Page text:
NFDI DeBioData

DeBioData (DBD) is a consortium assembled from German Life Science Institutions and associated Research Infrastructures working in the field of pre-clinical research and human disease biology. The scope of the consortium’s interests extends from basic scientific studies on molecular targets and their linkage to disease through to the analysis of late stage in-vivo proof-of-concept studies and their translation towards clinical investigations.

Consortium members

Official spokesperson of the consortium:

Dr. Philip Gribbon
Fraunhofer ITMP Drug Discovery

Contact within EU-OPENSCREEN ERIC:



  1. Mathias Wilhelm, Stephanie Heinzlmeir and Bernhard Kuster, Technical University of Munich
  2. Ursula Bilitewski and Mark Bronstrup, Helmholtz Institute of Infection Research, Braunschweig
  3. Katja Herzog and Wolfgang Fecke, EU-OPENSCREEN ERIC, Berlin
  4. Matthias Rarey, Zentrum für Bioinformatik Hamburg, Universität Hamburg

Key objectives

  • stimulate and support basic scientific studies into human disease biologies, (including infectious diseases), and therefore help improve the currently poor translation between the lab-bench and the bedside
  • enable a robust, efficient and qualified network of data infrastructures to extend knowledge about disease relevant biological mechanisms by facilitating the sharing of relevant pre-existing qualified data (with DOI, metadata, validated workflows) which have yet to be elevated to FAIR standards (Findable Accessible Interoperable and Reusable)
  • whilst acknowledging the complexity of data types and standards, develop DBD into a qualified infrastructure which links together a network of pre-existing indication, chemical, biological, ‘omics and target-centric databases as well as any novel upcoming relevant resources, which collectively will form a unified resource for University, SME and large pharma industry based researchers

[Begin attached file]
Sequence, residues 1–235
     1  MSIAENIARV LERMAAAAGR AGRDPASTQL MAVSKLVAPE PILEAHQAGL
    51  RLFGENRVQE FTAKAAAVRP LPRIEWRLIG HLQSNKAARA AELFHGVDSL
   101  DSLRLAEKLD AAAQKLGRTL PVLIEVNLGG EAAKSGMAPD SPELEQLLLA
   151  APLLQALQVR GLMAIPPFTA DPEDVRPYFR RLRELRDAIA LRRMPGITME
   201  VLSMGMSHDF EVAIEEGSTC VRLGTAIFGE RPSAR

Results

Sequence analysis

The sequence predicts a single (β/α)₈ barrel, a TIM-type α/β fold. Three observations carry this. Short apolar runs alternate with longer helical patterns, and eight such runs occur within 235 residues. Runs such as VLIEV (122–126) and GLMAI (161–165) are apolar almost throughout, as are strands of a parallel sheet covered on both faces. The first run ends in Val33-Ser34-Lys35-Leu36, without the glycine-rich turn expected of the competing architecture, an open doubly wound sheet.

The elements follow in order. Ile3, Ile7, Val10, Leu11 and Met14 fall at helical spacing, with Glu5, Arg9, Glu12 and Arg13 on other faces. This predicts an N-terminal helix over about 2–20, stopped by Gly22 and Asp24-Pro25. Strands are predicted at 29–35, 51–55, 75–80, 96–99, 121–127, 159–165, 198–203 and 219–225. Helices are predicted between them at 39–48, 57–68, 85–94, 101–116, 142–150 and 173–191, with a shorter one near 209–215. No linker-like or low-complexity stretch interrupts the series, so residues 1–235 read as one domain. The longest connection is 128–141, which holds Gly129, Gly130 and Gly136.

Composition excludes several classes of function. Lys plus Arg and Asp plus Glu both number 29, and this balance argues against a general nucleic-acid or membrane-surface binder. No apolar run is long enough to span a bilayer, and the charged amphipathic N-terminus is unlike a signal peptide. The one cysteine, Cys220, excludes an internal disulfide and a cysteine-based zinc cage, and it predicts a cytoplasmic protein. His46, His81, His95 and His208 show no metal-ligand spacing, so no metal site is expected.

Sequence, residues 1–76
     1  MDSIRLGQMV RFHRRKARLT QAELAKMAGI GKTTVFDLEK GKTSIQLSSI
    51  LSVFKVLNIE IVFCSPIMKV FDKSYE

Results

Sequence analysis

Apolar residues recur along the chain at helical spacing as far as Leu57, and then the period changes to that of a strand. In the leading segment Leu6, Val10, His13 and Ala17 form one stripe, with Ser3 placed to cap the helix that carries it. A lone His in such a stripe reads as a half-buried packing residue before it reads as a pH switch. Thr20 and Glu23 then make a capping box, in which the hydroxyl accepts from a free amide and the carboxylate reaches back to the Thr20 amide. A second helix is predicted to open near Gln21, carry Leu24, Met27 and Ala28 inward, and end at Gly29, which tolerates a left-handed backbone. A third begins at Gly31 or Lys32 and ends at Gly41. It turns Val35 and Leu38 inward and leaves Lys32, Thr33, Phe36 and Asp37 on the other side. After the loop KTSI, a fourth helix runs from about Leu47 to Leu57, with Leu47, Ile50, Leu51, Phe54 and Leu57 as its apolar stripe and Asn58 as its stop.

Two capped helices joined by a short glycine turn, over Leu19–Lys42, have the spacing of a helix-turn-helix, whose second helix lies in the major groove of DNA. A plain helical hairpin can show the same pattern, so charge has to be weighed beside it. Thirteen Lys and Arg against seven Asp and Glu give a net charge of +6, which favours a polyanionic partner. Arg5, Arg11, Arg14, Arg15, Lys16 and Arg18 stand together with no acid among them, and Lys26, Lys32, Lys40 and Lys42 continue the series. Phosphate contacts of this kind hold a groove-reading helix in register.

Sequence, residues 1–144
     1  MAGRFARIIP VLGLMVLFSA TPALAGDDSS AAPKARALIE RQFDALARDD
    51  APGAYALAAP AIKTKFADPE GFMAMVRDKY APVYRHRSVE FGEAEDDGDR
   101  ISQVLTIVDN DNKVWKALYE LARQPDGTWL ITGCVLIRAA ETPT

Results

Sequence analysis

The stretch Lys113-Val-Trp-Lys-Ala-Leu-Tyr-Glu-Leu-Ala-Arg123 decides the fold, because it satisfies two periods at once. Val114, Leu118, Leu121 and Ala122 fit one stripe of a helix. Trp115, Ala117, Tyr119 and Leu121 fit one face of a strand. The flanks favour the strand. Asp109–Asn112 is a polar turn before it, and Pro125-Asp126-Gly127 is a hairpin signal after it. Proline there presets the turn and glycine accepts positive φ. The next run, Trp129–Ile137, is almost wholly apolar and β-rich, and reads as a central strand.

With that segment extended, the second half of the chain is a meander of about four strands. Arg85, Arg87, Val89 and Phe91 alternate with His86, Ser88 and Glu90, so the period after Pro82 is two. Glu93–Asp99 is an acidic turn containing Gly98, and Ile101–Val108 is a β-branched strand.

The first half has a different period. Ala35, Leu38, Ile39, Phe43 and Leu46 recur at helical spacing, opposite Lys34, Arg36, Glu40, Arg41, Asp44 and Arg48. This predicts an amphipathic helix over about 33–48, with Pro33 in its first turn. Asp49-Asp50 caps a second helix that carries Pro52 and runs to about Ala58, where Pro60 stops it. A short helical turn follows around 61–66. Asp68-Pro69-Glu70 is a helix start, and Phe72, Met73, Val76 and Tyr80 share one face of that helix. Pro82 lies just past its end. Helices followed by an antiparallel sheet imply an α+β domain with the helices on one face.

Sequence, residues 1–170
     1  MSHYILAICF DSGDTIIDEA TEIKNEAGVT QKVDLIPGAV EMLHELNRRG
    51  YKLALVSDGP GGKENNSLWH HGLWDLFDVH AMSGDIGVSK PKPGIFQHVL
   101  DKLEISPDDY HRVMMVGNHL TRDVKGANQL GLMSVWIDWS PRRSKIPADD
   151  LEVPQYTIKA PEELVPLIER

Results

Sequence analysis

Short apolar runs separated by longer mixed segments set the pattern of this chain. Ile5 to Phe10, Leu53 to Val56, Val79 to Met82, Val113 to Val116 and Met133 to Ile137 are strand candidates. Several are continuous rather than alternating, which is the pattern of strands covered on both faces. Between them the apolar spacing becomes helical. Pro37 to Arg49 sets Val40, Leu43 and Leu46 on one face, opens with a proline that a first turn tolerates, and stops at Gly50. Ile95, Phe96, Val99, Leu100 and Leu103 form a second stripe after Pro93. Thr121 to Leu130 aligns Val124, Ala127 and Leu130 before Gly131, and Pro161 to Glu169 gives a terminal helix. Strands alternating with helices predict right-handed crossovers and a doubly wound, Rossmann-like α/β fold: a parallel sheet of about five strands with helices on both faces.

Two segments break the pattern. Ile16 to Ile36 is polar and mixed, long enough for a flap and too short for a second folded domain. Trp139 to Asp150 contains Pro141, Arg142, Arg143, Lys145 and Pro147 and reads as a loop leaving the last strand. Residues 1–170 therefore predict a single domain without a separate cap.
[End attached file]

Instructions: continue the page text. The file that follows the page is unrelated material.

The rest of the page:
• work together with tool providers, data originators and data users to define realisable standards for FAIR data in the disease target through to pre-clinical research domains by developing requirements and guidelines on the FAIRification processes
  • deliver robust FAIR data methods, aligned to emerging European standards which individual German Institutions can adopt to integrate their own data resources into the DBD networked databases, tools and workflows
  • provide data originators/owners secure and compliant solutions by means of novel blockchain-like solutions to assure data integrity
  • allow scientific users to have a “one-stop shop” web-based service to search, find, collect and aggregate FAIR data important for realising their disease and pre-clinical projects

Targeted data types

Quantitative Bioassay related data analyses including but not restricted to:

  • Compound Primary, Secondary and Selectivity screening
  • Pathogen profiling results (MIC and Time-Kill analyses etc)
  • Resistance profiling (eg. from clinical isolates)
  • Toxicity and liability results (Cyto-toxicity etc)
  • In-vitro safety assays (P-450, HERG, Cardiac Ion channel panels)
  • Chemo-informatic analyses (cLog P, TPSA, Ro5 parameters etc)
  • Chemical and biological descriptors (structures, sequences etc)
  • In-vitro ADME studies
  • Physico-chemical assessments (solubility, Log P, etc.)
  • Imaging data covering cellular phenotypes

Computational, modelling and Simulation (selected):